BUSINESS
12/10/2018 12:36 EST | Updated 12/10/2018 13:48 EST

Consumer Insolvency Filings Spike In Canada, And It's Likely Just The Beginning

British Columbia and P.E.I. led the way with jumps of roughly 20 per cent in insolvencies.

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With rising interest rates putting financial pressure on households, Canada is seeing an increase in consumer insolvencies.

It happened sooner than the experts predicted.

With rising interest rates putting financial pressure on households, Canada is seeing an increase in consumer insolvencies.

There were 11,641 consumer insolvencies in October of this year, up 9.2 per cent from a year earlier, according to data from the Office of the Superintendent of Bankruptcy. The insolvency numbers include both bankruptcies and consumer proposals, an alternative to bankruptcy that has become popular in recent years (see below).

It's the largest number of consumer insolvencies for the month since at least 2010.

Watch: Why strong economies spell bad news for mortgage holders. Story continues below.

"High consumer debt levels and rising interest rates have been a growing concern over the last few years and we are now starting to see this reflected in the number of insolvent Canadians filing bankruptcies or proposals," said Chantal Gingras, chair of the Canadian Association of Insolvency and Restructuring Professionals (CAIRP).

British Columbia and Prince Edward Island led the way on the increase, with around a 20-per-cent increase in insolvencies in both provinces. Newfoundland was the only province where they declined from a year ago.

HuffPost Canada

In a report last month, CAIRP predicted that consumer insolvencies would start rising early next year, roughly two years after the Bank of Canada began raising interest rates. The group said it typically takes that long before interest rate hikes start to make themselves felt.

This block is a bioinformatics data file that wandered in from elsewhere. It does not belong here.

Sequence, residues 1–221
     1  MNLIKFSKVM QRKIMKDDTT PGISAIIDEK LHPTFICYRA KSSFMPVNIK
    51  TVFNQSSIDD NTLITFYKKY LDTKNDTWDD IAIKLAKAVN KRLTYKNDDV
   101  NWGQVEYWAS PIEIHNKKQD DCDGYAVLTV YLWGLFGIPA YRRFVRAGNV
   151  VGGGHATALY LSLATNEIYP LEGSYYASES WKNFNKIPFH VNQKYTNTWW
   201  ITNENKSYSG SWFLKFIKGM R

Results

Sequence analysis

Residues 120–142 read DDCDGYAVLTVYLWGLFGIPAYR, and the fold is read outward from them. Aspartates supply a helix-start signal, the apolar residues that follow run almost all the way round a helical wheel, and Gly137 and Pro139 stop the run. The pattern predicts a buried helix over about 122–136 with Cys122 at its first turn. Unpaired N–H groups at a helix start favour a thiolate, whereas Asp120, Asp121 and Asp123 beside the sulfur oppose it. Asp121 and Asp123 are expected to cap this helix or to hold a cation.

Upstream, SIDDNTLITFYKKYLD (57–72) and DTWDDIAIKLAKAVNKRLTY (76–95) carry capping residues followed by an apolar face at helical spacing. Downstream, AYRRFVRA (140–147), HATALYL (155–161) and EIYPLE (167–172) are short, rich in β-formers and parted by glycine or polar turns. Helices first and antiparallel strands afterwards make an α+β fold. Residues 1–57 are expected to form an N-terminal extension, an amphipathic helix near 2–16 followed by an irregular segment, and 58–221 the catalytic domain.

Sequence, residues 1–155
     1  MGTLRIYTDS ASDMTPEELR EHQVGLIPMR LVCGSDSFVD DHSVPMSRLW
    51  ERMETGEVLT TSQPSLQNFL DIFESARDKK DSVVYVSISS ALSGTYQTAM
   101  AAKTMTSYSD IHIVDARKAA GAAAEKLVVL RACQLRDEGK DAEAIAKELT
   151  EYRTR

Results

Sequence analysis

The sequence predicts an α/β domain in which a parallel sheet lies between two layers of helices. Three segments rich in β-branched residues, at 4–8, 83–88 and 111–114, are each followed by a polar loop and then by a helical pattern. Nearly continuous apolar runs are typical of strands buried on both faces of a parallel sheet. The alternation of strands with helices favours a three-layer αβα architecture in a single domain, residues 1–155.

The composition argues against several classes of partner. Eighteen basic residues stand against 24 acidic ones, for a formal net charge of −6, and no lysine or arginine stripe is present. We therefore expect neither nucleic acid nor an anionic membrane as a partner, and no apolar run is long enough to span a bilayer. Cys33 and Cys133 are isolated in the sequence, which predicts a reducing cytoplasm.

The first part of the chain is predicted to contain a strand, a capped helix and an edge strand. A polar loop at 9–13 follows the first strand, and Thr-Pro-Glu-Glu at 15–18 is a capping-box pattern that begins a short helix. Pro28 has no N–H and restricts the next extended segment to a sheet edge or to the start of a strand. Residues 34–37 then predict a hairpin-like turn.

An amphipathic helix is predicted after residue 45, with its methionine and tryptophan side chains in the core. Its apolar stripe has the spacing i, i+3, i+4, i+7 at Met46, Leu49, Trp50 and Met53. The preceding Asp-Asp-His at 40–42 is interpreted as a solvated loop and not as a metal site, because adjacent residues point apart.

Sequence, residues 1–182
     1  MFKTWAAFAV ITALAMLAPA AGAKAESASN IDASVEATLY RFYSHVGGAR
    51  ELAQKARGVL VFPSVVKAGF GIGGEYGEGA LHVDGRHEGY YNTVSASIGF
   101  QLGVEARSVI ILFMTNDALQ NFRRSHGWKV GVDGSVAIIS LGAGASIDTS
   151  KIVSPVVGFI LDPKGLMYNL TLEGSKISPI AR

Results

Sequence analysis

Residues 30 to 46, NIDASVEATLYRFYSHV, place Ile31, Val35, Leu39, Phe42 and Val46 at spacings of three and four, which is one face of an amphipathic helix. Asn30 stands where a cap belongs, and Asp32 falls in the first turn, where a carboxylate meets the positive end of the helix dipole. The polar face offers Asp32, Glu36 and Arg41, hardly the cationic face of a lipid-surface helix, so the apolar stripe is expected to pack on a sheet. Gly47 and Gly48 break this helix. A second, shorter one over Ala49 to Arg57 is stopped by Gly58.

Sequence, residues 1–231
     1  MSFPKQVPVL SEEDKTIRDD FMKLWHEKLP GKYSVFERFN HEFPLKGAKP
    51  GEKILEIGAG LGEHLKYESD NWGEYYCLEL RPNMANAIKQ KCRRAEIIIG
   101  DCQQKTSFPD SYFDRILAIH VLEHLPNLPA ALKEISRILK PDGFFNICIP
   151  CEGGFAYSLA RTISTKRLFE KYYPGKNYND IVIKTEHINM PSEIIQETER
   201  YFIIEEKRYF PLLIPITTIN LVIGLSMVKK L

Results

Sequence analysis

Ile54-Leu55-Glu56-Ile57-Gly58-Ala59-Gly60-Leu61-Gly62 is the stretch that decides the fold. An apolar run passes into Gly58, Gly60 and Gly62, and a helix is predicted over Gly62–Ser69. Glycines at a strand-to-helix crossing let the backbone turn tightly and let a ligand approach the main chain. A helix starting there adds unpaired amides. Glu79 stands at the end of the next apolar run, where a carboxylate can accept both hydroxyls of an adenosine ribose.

Gingras told HuffPost Canada last month she expects to see insolvencies rise into 2020 and beyond, because the Bank of Canada has continued raising interest rates, most recently raising its key lending rate in October, to 1.75 per cent.

CAIRP, which represents nine out of 10 licenced Canadian solvency trustees, said 97 per cent of its membership expects insolvencies to rise in 2019. Ninety per cent agreed that Canadians "possess unhealthy levels of debt."

Earlier on HuffPost Canada:

However, with mortgage rates on the rise and new mortgage rules slowing down the housing market, there are signs Canadians have slowed the pace at which they are taking on new debt. The pace of consumer debt growth has fallen to its lowest in 35 years, according to recent data from the Bank of Canada.

Bankruptcy vs. consumer proposals

The latest insolvency numbers show consumer proposals are becoming an increasingly popular alternative to bankruptcy. More than 55 per cent of all insolvency filings were consumer proposals in the year ending in October, up from around 52 per cent the year before.

Consumer proposals are an alternative to bankruptcy ion which troubled debtors strike a deal with their lenders to pay back some portion of their debt over five years. Creditors will often accept these proposals because they can often get more of their money back than with a bankruptcy.

It's also easier to keep your house under a consumer proposal. Under bankruptcy, consumers are often forced to sell their homes.

Financial experts say it still makes sense for some people to file for bankruptcy. Typically, consumers are released from bankruptcy within 18 to 20 months, while consumer proposals last five years, and only after that does an insolvent consumer start rebuilding their credit.

Fewer rate hikes ahead?

While most market experts expect the Bank of Canada to keep hiking interest rates, some weak economic data recently is casting doubt on just how aggressive the rate hikes will be. In a report last week, TD Bank suggested Canada's central bank may delay its next rate hike to April, from an expected rate hike in January.

Next year "is likely to represent the peak level of interest rates for the U.S. and Canada," the TD Bank economists wrote.